Our story begins with Logan as a prisoner of war. It’s Japan…Nagasaki…the day the A-bomb will be dropped. A sympathetic officer named Yashida (Haruhiko Yamanouchi) goes about freeing the remaining captives, but our hero won’t budge. Instead, he hides his supposed enemy in his underground cell, keeping him out of nuclear harm’s way. Fast forward 70 some years and Yashida wants his mutant pal to visit him on his deathbed. He sends a spunky sprite - his adopted daughter Yukio (Rila Fukushima) - to gather Logan and get him to Tokyo. Once there, he learns that there was an ulterior motive to the invite. Yashida knows Logan is more or less immortal, and with the help of a suspect female scientist (Svetlana Khodchenkova), he wants some of that fountain of youth for himself.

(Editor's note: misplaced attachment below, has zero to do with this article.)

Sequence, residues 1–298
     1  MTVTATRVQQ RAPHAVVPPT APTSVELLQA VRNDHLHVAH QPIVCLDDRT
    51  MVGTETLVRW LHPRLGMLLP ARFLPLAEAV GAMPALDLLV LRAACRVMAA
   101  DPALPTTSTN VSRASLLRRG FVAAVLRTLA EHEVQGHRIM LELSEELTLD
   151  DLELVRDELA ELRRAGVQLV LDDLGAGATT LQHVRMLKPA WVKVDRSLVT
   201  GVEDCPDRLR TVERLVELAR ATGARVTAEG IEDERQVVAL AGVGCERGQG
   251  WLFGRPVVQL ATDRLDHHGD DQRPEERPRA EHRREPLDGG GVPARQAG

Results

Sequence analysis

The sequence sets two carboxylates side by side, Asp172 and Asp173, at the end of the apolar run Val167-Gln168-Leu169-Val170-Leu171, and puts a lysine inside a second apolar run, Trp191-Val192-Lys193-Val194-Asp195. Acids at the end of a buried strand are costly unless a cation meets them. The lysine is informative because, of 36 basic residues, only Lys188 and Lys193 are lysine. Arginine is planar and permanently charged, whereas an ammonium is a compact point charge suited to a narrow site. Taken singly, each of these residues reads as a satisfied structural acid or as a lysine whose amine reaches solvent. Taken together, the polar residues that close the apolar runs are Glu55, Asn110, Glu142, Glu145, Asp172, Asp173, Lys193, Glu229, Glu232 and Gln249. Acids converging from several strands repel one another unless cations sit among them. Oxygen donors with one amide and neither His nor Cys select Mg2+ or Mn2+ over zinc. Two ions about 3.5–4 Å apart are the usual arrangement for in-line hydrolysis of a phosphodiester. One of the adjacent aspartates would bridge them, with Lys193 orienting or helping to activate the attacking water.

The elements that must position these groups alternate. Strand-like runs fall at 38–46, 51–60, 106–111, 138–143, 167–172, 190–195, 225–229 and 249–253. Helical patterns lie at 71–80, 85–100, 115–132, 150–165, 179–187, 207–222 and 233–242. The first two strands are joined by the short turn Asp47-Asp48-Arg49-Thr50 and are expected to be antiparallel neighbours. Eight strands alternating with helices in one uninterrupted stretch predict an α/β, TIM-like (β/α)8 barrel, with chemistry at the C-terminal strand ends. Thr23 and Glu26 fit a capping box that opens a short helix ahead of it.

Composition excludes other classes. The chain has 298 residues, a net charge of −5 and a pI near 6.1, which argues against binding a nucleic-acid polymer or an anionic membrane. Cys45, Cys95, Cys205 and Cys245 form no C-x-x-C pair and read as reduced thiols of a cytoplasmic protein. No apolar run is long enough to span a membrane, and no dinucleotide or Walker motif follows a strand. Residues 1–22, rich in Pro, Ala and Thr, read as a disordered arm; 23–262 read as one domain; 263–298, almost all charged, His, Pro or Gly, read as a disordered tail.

There’s also some unnecessarily messy subplots involving Yashida’s granddaughter (Tao Okamoto), an inheritance, her power mad father (Hiroyuki Sanada), and a high ranking government official (Brian Tee) with ties to the Yakuza. There’s also a childhood friend of Okamoto’s Maiko who is devoted to protecting her, though he typically does a piss pour job of same. As for Logan, he’s mired in nightmare memories of his dead lover, Jean Grey (Famke Janssen) and angst over his status as a mutant. Like Yashida says over and over again, our hero must be sick of watching everyone he loves die. Eventually, it all ends up in a face off at a far off mountain lab where a bit of CG special effects takes over to add some much needed spectacle.